Cork! It's not just about wine stoppers and wedge shoes. Cork's sustainability and multiple design uses are phenomenal.
Cork is the outer bark of a special oak tree. After each harvest the cork tree fully regenerates its precious bark and can be harvested over and over again until the tree reaches approximately 200 years of age.
Cork is an amazing material: it's elastic, waterproof, fireproof, and buoyant. Plus, it's sustainable, environmentally friendly, and easily recyclable. Most cork today comes from Portugal.
Cork has been used in progressive modern furniture for decades, utilized by some of the greatest figures in the history of modern design. One of them was the Viennese-born Paul Frankl, whom I consider one of the fathers of Modern American design. In the 50s, Frankl launched a series of furniture for the Johnson Company of Grand Rapid Michigan. It included several tables of bleached cork tops over wooden legs. Those tables, which are praised by collectors today, were promoted in America's foremost design magazines, granting Frankl a notable reputation.
"Frank Lloyd Wright chose cork tiles out of all materials to clad the bathrooms of his masterpiece "Fallingwater." Fallingwater is widely considered the world's most celebrated modern house and its image is well known. The surrounding woodland and the powerful falls that provided the magnificent setting have captured the imagination of generations of design lovers.
Yet, only those few who have visited this dream house would be able to peek into the bathrooms. All the bathrooms are made of cork tiles, floor to ceiling. I had the privilege of visiting and I have to say -- after seeing these bathrooms firsthand, the patina accumulated over time on the surface of the cork making it even more attractive, lively and dynamic."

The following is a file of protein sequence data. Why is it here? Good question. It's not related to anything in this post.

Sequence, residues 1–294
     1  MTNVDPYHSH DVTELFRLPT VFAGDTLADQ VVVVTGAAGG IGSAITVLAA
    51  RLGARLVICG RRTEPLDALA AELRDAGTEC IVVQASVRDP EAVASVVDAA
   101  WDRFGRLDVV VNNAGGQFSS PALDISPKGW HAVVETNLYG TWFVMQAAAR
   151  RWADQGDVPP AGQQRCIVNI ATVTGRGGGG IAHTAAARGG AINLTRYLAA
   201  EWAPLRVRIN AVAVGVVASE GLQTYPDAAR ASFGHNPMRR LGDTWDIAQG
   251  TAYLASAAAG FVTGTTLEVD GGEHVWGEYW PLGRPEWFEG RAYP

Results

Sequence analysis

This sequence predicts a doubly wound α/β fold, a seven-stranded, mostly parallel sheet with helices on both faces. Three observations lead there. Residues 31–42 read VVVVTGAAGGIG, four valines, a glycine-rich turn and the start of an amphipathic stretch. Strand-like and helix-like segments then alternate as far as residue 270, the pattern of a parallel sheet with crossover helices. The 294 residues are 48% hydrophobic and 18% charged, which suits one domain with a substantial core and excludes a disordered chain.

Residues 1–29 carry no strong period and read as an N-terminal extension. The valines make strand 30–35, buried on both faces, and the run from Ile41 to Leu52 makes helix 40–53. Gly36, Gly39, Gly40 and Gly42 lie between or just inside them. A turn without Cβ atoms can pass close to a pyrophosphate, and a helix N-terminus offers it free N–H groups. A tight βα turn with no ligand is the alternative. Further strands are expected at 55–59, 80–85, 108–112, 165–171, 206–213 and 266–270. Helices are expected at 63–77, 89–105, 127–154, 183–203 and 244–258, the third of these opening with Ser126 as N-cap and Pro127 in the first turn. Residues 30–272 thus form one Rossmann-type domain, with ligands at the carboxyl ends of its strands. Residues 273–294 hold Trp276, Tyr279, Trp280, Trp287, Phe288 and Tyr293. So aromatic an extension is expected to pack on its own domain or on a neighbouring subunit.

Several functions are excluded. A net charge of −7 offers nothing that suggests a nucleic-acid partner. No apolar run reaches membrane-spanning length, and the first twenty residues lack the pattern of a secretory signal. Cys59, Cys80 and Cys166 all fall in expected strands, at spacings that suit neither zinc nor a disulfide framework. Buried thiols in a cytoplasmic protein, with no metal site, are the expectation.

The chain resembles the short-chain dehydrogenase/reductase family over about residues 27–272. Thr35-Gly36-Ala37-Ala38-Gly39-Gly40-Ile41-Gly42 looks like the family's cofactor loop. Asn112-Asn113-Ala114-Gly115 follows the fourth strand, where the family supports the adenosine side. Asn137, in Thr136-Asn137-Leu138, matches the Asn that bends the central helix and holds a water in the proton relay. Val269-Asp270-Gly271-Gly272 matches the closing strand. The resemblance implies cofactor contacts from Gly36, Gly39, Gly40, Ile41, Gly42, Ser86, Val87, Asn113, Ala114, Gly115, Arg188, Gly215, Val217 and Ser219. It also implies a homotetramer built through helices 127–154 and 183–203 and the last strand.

Cork is perfect for bathrooms because it is waterproof and has natural anti-fungal properties. It is an underutilized material for bathrooms and accessories, but you can find products like cork bathrooms seats at the Conran Shop.
A new generation of designers are excited about the possibilities of cork -- you can find lighting, furniture, vases, tableware, toys, place sets, and tiles all made of this humble material. In fact, you could say we are in the middle of a great cork revival.
The company Yemm & Hart, for example will recycle your wine bottle corks into floor tiles, and Design Within Reach holds an annual competition for creating original miniature chairs made of champagne bottles.
Cork deserves attention. It is environmentally responsible, completely sustainable, recyclable, and plentiful. Cork can be processed into fantastic shapes for various uses in modern interiors, fitting into a green lifestyle perfectly, on design.